I’m already checking some off, and getting others underway. Suddenly the future is bright, and so is the present. Life was never quite like this before.
4. Unclehood — On September 11, five weeks before I left on my trip, my sister and her husband had a baby boy. I went to meet him after work. The room was full of family members, some of whom had all just earned a new title. A new mother and father, new grandparents, new aunts and new uncles.
They were all familiar faces, except there was one more this time: baby Keane.
Now, I’ve met lots of babies. I’ve held newborns. They’re cute, but I had never been so affected by a baby as I was this time. In fact, I had never really understood all the excitement about babies. People have babies all the time. They all look the same, they don’t do anything. They don’t even know where they are.
But Keane didn’t strike me as just someone’s baby; he was a complete person right from the start. I can still picture his tiny, bewildered face as I held him on his birthday. He was already one of us; we didn’t have to warm up to him. His face was already familiar.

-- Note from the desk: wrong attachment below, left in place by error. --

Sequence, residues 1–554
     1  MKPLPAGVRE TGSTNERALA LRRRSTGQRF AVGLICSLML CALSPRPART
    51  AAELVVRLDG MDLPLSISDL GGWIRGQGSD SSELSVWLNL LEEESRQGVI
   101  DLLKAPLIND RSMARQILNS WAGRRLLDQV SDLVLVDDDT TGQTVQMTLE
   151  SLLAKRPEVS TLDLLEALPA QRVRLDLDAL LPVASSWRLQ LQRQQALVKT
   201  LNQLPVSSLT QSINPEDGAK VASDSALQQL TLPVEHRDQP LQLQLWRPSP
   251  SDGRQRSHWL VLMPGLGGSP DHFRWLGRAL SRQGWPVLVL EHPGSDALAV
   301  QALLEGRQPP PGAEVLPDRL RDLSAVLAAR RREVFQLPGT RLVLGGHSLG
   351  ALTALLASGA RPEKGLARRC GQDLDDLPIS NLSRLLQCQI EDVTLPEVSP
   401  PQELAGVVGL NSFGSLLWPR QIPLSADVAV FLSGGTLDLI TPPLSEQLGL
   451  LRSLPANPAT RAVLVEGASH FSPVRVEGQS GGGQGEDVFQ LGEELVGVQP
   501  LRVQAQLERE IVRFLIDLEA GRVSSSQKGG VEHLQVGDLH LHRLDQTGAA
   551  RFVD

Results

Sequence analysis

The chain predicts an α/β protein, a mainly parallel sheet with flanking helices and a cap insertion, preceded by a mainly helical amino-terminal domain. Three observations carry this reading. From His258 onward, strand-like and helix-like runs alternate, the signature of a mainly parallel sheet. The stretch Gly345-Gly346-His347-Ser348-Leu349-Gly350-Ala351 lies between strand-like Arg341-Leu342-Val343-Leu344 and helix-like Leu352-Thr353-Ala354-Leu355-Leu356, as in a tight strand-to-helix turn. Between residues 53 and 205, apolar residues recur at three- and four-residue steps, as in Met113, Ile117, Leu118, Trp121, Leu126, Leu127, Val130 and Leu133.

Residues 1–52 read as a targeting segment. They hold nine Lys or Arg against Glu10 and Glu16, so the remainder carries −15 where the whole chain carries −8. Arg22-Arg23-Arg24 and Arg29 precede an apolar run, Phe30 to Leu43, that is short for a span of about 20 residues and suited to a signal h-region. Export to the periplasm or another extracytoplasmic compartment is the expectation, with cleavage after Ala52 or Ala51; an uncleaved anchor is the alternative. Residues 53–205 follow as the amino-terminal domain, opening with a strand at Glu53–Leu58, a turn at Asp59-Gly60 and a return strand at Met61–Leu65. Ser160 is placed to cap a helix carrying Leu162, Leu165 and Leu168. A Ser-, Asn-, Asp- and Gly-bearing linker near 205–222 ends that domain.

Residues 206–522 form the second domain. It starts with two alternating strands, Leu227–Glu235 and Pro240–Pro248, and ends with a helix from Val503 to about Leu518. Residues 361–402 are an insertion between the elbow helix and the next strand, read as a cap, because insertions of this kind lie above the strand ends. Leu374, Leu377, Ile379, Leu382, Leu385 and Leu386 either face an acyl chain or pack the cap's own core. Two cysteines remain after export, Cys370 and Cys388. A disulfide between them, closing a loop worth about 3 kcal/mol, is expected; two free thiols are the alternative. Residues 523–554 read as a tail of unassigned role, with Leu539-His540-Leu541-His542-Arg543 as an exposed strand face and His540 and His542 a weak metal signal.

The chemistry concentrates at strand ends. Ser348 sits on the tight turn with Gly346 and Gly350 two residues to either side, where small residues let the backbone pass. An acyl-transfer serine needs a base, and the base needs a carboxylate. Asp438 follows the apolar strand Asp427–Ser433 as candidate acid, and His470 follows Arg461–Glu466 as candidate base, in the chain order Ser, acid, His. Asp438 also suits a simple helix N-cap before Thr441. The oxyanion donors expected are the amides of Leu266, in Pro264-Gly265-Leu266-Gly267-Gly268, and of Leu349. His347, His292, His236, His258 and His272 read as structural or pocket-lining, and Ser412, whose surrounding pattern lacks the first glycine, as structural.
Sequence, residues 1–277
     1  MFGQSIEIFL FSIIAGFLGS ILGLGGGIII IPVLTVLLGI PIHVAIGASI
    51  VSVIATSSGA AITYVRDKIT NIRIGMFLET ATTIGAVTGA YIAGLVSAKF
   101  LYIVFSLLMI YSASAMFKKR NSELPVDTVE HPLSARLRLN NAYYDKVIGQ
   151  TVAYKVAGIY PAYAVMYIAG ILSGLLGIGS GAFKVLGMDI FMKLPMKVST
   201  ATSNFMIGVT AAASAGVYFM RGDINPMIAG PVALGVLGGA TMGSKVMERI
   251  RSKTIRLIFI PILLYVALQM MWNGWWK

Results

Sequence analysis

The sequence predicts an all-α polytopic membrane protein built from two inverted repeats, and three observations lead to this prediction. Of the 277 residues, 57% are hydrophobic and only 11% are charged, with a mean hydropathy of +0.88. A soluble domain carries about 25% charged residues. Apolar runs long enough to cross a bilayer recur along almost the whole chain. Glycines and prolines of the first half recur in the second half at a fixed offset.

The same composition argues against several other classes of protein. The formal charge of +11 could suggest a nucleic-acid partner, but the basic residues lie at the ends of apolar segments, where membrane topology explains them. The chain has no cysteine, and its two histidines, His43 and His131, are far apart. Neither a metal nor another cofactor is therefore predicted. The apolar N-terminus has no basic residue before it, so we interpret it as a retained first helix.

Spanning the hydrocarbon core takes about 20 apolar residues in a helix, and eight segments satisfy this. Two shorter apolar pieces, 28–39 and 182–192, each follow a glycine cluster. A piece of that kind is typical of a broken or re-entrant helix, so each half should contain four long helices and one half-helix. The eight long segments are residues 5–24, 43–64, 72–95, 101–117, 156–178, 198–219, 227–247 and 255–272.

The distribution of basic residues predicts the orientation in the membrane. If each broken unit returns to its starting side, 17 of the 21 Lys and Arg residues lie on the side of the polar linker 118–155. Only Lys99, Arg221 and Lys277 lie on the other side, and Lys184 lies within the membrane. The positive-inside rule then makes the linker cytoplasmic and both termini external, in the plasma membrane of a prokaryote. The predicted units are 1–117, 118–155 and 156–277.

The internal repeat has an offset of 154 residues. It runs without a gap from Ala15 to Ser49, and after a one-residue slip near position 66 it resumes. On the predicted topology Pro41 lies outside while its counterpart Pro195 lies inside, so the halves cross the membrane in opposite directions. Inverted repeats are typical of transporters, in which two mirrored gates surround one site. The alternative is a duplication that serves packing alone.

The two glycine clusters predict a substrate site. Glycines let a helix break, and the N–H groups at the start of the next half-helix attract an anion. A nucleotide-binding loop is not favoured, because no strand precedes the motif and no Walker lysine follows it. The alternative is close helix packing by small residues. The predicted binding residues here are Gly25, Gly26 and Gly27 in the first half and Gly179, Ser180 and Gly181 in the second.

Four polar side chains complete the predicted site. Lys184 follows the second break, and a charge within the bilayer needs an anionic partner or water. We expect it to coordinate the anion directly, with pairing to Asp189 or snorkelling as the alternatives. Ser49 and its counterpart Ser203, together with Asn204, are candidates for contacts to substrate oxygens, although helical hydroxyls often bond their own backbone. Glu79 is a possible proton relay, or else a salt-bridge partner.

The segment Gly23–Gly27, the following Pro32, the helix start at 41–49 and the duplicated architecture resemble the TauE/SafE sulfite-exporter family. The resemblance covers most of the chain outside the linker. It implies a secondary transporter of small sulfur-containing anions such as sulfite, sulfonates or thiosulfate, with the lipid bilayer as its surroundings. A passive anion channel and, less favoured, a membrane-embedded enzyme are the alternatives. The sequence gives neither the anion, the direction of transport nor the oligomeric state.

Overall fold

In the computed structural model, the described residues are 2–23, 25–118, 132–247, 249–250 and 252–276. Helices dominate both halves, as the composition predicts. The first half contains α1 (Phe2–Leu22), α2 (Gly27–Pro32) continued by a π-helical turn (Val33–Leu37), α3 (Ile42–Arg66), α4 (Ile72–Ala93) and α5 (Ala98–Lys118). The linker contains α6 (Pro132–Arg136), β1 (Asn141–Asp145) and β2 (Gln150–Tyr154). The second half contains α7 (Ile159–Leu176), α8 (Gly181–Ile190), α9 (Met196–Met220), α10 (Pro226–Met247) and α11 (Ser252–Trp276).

Unclehood doesn’t usually confer any additional responsibilities, but suddenly I feel my role on this planet has become a little more important, like it’s taken on a little more consequence. My nephew has wonderful parents and an unbeatable family network to love him and help to raise him. If it takes a village, he’s got one, and I’m grateful to be part of it.
3. Overseas travel — As I write this, I’m staying as a houseguest in Nelson, New Zealand, sitting in a blue armchair, looking out over a valley through a pair of French doors. I keep finding myself in scenes I never could have imagined. My life is full of people I didn’t know a month ago. I’ve been in the country for six weeks, and before that I spent a month in Thailand. I have loved virtually every minute of it, and I foresee much more globetrotting in my future.